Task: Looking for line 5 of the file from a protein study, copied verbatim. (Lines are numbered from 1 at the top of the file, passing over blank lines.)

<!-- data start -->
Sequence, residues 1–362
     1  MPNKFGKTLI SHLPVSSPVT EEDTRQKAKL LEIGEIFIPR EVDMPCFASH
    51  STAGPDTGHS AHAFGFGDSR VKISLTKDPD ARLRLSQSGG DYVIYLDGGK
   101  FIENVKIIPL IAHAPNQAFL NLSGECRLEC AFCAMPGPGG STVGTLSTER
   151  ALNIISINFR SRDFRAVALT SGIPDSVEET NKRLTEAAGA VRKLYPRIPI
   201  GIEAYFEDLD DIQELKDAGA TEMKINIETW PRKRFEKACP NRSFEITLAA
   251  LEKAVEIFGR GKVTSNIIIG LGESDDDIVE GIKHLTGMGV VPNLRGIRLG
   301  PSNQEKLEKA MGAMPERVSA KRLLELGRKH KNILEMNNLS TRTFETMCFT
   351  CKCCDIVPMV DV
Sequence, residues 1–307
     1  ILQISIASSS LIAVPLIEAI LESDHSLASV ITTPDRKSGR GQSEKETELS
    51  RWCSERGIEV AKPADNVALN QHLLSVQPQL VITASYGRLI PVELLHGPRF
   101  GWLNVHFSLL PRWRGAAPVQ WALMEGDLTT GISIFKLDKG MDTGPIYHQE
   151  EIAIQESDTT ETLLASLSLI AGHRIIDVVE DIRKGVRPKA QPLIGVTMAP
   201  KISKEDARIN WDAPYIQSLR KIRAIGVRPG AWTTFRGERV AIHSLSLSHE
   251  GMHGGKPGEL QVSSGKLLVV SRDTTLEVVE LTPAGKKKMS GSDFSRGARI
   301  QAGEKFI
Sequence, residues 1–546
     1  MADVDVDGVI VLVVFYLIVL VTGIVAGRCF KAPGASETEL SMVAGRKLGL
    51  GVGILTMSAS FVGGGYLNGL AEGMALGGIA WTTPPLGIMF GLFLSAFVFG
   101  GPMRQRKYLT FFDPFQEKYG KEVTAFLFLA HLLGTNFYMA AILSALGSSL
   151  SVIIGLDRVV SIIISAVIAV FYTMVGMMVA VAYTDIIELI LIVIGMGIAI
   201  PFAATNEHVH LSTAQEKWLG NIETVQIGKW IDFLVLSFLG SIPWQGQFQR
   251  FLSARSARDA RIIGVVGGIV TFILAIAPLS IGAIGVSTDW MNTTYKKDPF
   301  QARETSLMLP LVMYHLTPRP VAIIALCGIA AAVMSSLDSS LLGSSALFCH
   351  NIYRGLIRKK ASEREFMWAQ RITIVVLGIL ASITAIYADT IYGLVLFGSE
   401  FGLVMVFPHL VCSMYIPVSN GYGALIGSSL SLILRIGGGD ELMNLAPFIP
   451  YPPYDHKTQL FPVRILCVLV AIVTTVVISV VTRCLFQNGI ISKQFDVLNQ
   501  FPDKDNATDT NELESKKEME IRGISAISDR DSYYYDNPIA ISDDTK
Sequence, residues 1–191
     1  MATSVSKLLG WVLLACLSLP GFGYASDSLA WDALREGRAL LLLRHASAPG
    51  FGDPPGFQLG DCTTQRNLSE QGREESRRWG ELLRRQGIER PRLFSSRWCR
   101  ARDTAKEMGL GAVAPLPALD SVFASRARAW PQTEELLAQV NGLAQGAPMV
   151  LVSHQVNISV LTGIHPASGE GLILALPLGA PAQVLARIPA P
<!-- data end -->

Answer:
   151  ALNIISINFR SRDFRAVALT SGIPDSVEET NKRLTEAAGA VRKLYPRIPI